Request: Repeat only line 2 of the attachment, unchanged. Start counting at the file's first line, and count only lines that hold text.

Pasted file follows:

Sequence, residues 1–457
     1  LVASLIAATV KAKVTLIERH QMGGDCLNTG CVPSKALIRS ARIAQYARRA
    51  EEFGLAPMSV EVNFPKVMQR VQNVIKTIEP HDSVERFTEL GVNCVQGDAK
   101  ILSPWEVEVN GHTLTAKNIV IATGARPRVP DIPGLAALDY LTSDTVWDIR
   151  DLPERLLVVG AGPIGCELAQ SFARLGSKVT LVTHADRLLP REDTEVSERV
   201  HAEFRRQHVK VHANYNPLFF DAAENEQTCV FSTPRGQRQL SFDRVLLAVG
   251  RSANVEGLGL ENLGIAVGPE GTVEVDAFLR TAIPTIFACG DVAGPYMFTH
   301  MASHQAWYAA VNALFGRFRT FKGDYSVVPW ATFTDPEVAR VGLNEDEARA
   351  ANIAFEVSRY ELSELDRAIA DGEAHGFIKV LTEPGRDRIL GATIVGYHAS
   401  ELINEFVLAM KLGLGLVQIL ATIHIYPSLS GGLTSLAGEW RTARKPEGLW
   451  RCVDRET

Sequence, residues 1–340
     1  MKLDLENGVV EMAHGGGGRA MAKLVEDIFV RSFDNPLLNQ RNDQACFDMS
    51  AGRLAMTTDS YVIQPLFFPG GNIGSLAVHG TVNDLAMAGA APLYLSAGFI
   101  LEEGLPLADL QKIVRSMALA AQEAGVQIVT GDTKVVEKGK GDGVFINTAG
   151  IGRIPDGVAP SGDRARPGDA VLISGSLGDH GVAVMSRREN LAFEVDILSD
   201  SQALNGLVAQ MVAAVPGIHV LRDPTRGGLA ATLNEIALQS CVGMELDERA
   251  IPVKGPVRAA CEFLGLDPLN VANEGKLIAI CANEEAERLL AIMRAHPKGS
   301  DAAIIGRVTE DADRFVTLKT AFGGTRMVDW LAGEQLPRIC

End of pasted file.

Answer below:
     1  LVASLIAATV KAKVTLIERH QMGGDCLNTG CVPSKALIRS ARIAQYARRA